One Bill One Subject is meant to prevent bills from addressing more than one topic or subject. Though certainly among the shortest of recently proposed legislation, this bill is not insignificant. Such legislation already exists in almost every state constitution in the United States. States began to adopt these bills in the 1800s, when state lawmakers saw the potential damage overly complex bills could inflict.
One of the largest problems with American politics and government right now is the lack of public understanding of legislation and policy. This is partially the fault of the media’s lack of earnest and complete coverage of policy and legislation. But also fault lies with the lawmaker’s and official’s apparent unwillingness to be truly open and transparent. A major example of that lack of transparency is intentionally misleading legislation.
In April, a bill was introduced by Republican Representative Andy Biggs from Arizona to improve clarity in government and law. The bill was introduced to the House Committee on the Judiciary. The wording of the bill is short and simple (as one might expect). The official summary goes as follows:
One Bill, One Subject Transparency Act
Introduced in House (04/28/2020)
This bill requires each bill or joint resolution to include no more than one subject and the subject to be clearly and descriptively expressed in the measure’s title.
An appropriations bill may not contain any general legislation or change to existing law that is not germane to the subject of such underlying bill.
The bill voids measures or provisions noncompliant with these requirements, including appropriation provisions outside the relevant subcommittee’s jurisdiction.
You can view the entire bill here.
This is by no means the first time legislation of this nature has been introduced to the committee in the House. Last year, a virtually identical proposed bill, known as “One Subject At A Time” was introduced to the House Committee on Constitution, Civil Rights, and Civil Liberties in 2019. Proposing laws intended to prevent misleading or incomplete titles in legislation is not new.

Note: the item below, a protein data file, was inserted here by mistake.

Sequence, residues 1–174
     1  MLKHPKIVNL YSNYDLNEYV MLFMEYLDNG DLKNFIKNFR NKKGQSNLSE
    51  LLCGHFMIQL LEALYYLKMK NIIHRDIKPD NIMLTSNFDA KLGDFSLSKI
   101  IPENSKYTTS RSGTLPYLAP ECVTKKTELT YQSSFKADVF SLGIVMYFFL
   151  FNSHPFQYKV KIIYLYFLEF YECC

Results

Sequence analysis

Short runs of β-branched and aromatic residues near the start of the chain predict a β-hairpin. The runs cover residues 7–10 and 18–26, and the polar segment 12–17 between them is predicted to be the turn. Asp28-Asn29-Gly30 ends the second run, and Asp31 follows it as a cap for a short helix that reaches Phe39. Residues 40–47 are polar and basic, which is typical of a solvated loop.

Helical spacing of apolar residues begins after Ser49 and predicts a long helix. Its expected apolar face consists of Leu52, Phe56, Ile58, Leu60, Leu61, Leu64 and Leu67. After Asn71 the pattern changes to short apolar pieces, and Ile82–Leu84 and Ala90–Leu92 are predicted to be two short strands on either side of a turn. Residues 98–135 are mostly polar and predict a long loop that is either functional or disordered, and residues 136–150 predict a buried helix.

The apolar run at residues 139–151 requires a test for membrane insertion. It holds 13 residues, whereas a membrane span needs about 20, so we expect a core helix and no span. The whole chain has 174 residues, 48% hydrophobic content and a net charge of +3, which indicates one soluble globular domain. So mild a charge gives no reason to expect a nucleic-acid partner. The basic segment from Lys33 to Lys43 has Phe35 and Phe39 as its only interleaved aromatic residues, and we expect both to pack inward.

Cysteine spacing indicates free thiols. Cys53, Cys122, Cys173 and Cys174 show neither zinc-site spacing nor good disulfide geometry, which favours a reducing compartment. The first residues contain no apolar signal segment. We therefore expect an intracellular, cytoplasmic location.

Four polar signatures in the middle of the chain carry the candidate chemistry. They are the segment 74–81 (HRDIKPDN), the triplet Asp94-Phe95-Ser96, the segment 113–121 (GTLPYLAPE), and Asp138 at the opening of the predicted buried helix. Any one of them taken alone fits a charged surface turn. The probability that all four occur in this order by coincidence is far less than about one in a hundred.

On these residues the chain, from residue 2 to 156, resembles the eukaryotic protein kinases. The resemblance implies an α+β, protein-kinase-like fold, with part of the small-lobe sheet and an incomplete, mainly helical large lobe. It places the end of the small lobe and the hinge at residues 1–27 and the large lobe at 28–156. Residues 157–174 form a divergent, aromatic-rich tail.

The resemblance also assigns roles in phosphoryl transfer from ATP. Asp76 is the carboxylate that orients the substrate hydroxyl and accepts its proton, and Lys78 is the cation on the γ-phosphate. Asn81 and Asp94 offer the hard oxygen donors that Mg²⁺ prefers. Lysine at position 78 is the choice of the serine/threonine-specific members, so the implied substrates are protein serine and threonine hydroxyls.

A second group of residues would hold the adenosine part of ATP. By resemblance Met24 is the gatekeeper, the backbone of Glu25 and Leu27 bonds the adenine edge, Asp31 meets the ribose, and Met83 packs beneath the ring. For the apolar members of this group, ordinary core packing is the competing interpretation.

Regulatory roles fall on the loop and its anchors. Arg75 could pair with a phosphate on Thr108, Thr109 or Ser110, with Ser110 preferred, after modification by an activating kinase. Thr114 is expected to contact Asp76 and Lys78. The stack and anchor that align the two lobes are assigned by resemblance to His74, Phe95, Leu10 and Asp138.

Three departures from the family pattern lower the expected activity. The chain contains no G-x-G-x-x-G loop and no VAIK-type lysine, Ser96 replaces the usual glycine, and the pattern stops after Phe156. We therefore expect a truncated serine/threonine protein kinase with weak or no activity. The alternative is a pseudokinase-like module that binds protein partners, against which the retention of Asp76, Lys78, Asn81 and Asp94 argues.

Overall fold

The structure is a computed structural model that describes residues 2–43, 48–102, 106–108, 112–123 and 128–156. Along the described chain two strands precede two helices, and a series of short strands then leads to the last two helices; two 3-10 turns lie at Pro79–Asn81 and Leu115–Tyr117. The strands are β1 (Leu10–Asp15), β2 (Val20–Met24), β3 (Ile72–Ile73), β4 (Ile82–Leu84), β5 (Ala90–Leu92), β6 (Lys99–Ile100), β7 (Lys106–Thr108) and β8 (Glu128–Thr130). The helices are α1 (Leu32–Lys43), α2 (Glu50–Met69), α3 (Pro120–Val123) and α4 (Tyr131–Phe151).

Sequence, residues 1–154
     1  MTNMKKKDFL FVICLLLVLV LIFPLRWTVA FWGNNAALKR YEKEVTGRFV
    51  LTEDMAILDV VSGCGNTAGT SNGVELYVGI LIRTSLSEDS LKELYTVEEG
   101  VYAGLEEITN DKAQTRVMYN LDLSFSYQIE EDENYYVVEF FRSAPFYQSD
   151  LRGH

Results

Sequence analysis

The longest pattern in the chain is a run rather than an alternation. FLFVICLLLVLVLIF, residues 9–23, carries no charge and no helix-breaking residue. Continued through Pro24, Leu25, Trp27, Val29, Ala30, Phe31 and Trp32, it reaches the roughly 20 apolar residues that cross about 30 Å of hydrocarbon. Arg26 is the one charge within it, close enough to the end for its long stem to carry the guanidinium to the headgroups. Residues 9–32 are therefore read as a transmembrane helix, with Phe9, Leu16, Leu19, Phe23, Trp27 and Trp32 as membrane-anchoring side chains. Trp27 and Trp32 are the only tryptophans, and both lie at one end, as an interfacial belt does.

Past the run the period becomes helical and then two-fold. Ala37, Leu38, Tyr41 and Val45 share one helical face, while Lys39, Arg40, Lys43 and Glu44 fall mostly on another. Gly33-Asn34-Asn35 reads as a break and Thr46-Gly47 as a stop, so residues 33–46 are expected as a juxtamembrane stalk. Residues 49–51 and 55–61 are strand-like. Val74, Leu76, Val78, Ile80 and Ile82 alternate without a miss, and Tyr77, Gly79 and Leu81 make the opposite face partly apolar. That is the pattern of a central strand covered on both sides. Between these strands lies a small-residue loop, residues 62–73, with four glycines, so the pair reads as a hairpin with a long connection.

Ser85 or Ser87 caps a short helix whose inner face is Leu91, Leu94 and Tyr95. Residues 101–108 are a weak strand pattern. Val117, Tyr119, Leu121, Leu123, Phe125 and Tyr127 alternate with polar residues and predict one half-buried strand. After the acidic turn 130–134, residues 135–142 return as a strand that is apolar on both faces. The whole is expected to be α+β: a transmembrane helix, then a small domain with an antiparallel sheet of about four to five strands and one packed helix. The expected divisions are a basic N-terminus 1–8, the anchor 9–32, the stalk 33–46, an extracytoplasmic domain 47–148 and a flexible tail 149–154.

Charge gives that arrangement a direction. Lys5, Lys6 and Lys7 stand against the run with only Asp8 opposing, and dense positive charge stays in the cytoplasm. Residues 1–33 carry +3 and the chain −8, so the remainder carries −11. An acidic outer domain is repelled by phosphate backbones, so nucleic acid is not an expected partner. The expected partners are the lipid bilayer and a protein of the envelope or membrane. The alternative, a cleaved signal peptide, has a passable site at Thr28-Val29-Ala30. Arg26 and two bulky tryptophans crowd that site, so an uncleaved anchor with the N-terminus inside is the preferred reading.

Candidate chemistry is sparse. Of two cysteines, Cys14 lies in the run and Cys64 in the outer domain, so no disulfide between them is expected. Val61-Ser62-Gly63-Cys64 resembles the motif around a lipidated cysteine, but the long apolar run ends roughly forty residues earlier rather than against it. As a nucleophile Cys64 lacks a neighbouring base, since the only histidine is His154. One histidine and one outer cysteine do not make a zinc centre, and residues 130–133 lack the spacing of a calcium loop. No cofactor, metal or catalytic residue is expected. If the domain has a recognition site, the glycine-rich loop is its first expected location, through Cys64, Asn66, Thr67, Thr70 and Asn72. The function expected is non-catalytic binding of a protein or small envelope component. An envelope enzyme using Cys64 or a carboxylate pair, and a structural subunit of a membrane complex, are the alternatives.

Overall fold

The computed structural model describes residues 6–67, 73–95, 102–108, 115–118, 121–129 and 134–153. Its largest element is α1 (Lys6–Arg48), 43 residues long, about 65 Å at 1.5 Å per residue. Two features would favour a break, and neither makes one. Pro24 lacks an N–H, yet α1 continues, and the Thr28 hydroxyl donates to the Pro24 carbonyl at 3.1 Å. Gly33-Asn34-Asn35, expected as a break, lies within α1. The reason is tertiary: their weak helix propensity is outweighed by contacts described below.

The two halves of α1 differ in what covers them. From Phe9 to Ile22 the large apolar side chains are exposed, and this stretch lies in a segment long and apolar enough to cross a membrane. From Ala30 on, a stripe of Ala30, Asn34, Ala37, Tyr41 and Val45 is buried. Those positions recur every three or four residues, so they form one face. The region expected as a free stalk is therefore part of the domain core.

As initially discussed there are a great many examples of “One Bill One Subject” laws in existence, some with variation in the title, but each with almost identical language. To show your support for One Bill One Subject, phone and email your representative today. Get help automating this process here (it’s super simple!)
‘Legislative Intentions’ refers to how comprehensible the proposed law is, to make sure there is general understanding of the legislation both among lawmakers as well as the public. This makes legal language more accessible and readable to prevent corruptions that are buried in convoluted legal framework and language. Further, by improving the general readability, access to information improves, and with it the quality of law.
As more people are able to understand legislative language, more are able to truly participate, which improves political dialogue, enhances social awareness, and serves to engage citizens in the process and theory of law and lawmaking. At the very heart of One Bill One Subject is the notion that by limiting legislation to a single topic makes laws easier to read and understand for everyone.
One Bill One Subject legislation is meant to improve transparency for everyone from the congresspersons that need to understand and vote on the bill, to the public that has a right and duty to comprehend the laws of their government and activities and voting record of their representatives in the house and senate. This form of legislation is intended to prevent dishonesty in the lawmaking process by preventing two key forms of stuffing legislation. First, often referred to as a “rider”, is when a politician takes legal language that is not popular and has no realistic hope of becoming law and ‘stuffs’ it into another, much more popular bill.
The other practice this bill would affect is known as “logrolling”. Logrolling is the trading of favors, or quid pro quo, such as trading votes by legislative members to obtain action or passage of actions of interest to the legislative members.